Barbiturates, including phenobarbital, Seconal, Amytal, and butalbital, are a class of sedative-hypnotic drugs intended for the treatment of seizure disorder, preoperative anxiety, and insomnia. Because of the mild euphoric effects, as well as the relaxation properties of these drugs, barbiturates are illicitly abused recreationally. In fact, the 2018 SAMSHA survey reported that more than 32,000 Americans over the age of 12 had admitted misusing barbiturates.

Barbiturates, a chemical derivative of barbituric acid, work by acting on the central nervous system as a depressant, causing a sedated effect. Because of the drugs addictive properties and toxicity in the event of an overdose, most physicians now prescribe benzodiazepines for treating individuals struggling with anxiety or insomnia. However, barbiturates are still commonly prescribed for epilepsy, general anesthesia, acute migraines, and other purposes. These drugs are not recommended for use by a pregnant woman or in individuals over the age of 65. In addition, individuals with severe respiratory disease or kidney disease should avoid barbiturates.

How Are Barbiturates Misused?

As with any drug that is capable of altering brain chemistry through the central nervous system, barbiturates are highly addictive. When used on a regular basis, the body will become more tolerant to its effects, leading the individual to need higher or more frequent dosing to achieve the desired effect.

The short-acting barbiturates are the most recreationally abused form of the drug, as these provide the desired sense of euphoria and relaxation. These drugs include Amytal, Nembutal, Seconal, and Tuinal. Barbiturates are often consumed with alcohol, which only amplifies the dangerous sedative effects that can result in toxic poisoning. Barbiturates may also be combines with the use of heroin and prescription opioids.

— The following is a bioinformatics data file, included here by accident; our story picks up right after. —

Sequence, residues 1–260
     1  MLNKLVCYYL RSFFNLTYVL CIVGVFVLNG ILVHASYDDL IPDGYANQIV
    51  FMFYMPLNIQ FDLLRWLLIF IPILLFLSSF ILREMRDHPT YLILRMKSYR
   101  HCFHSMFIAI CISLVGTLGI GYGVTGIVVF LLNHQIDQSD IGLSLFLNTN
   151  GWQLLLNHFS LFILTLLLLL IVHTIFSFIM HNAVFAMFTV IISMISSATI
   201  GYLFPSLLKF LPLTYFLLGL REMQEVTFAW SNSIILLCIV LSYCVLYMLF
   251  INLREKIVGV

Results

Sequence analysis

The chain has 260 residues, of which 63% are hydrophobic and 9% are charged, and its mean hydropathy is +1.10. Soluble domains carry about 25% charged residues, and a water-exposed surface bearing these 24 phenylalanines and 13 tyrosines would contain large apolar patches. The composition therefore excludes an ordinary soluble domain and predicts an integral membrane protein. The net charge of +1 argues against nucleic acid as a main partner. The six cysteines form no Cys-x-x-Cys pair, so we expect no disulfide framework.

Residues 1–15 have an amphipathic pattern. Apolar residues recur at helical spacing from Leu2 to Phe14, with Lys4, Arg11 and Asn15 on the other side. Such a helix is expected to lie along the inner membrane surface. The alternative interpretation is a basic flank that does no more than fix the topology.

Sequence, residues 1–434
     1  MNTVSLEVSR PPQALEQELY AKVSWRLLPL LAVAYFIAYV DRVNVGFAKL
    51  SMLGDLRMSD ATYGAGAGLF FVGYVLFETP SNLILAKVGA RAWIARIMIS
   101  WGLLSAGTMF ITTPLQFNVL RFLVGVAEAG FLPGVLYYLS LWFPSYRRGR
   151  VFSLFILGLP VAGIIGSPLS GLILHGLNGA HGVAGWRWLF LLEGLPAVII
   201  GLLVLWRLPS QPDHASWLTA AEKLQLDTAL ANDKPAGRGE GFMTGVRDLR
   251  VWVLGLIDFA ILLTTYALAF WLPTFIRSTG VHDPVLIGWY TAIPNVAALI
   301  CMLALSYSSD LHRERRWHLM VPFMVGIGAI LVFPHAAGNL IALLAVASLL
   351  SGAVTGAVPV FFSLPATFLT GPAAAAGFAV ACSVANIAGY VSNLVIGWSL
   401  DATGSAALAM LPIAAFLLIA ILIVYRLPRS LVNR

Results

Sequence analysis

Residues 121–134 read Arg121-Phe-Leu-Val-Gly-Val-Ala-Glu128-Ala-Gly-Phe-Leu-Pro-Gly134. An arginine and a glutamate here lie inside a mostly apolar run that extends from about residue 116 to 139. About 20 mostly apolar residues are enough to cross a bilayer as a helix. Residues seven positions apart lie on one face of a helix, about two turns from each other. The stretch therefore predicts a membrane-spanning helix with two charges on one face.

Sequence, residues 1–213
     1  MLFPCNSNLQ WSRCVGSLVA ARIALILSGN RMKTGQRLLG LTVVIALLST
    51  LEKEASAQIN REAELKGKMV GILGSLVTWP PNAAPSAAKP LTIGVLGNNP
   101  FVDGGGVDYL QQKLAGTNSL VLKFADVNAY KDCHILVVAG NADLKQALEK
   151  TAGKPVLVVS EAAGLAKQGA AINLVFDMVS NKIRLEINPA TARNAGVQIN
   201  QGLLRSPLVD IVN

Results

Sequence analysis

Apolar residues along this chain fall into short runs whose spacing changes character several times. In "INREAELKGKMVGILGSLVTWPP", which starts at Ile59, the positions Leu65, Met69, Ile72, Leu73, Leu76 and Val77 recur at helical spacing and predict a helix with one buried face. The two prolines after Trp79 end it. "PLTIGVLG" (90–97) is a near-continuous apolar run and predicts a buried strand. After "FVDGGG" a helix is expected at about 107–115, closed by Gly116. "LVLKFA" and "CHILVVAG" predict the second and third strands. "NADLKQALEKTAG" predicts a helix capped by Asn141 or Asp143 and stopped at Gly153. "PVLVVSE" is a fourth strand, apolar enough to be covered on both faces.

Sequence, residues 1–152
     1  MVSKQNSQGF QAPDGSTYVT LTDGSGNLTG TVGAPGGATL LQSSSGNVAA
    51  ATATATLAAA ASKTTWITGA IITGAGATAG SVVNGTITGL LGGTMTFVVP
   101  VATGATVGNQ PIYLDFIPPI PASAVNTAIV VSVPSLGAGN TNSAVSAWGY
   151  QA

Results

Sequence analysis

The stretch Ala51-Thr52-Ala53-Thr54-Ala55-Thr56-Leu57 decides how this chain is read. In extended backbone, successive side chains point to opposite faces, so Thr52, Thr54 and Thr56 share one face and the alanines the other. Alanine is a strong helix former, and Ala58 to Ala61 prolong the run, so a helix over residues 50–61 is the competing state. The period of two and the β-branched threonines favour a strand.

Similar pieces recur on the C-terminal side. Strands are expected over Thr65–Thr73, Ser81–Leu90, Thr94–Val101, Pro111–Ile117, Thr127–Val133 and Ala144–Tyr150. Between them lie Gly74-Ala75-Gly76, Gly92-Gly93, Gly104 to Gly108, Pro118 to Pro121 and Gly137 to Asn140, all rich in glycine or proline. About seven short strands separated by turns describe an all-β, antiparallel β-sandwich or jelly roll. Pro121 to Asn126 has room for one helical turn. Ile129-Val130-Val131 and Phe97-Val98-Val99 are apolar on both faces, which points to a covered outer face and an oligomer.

What Are the Signs of a Barbiturate Overdose?

Even someone who was prescribed a barbiturate for a legitimate medical condition is vulnerable to toxicity building up in the system. When someone has ingested more of the drug than the body can safely metabolize, it results in overdose. Initially, the individual may appear to be intoxicated due to alcohol, as those are the initial symptoms of a barbiturate overdose. Signs and symptoms of a barbiturate overdose include:

  • Shallow breathing, or even breathing that has stopped
  • Drowsiness
  • Confusion
  • Altered level of consciousness
  • Cognitive disruption
  • Appearing uncoordinated
  • Staggering
  • Low blood pressure
  • Slurred speech
  • Agitation
  • Irritability
  • Skin rash
  • Blisters
  • Faint pulse
  • Possible kidney failure
  • Heart failure
  • Coma

If an overdose is suspected it is imperative that 911 be called immediately.

Emergency Barbiturate Overdose Treatment

Obtaining timely emergency medical interventions for barbiturate overdose treatment is paramount, as one in ten individuals will die from the overdose. The medical personnel will conduct the following actions:

  • Determine that the individual’s airway is not blocked
  • Order blood and urine tests
  • Conduct a chest x-ray
  • Conduct an electrocardiogram (ECG)
  • Introduce respiratory support, such as intubation or oxygen treatment
  • Begin intravenous fluids
  • Provide activated charcoal through the mouth or nose to the stomach
  • Stomach washing

A dose of 1gram of barbiturates can cause toxic poisoning, and dosage of 2-10 grams can cause death.

When the Overdose is a Suicide Attempt

Barbiturates are powerful sedatives, making them desirable for individuals seeking to end their life. In fact, barbiturates are used for euthanasia and death penalty convictions to induce death. If a loved one has developed the symptoms of depression and has barbiturates in their possession it is essential that the drugs be taken from them. Be aware of the symptoms of depression and the red flags that can indicate suicide risk.

Warning signs of suicide might include:

  • Seeming despondent, hopeless, despairing
  • Change in eating habits
  • Losing interest in activities usually enjoyed
  • Appearing anxious or agitated
  • Withdrawing from friends and family
  • Increased substance abuse
  • Sleep disturbances
  • Expressing feelings of being overwhelmed
  • Expressing guilt or shame, feeling humiliated
  • Seeking information or items for suicide plan
  • Increased risk-taking behavior
  • Excessive fatigue
  • Says he or she is a burden to others
  • Makes a will, puts affairs in order
  • Giving away prized possessions
  • Saying goodbye to loved ones
  • Talk of death or suicide

Someone who has attempted suicide will benefit from psychiatric intervention after the barbiturate overdose treatment has been completed.

Comprehensive Addiction Treatment for Barbiturate Use Disorder

Treatment for the barbiturate addiction or dependence will involve a full spectrum of therapeutic interventions that work together as an integrated approach to recovery. Treatment can be obtained at either an outpatient or inpatient program, with pros and cons for each.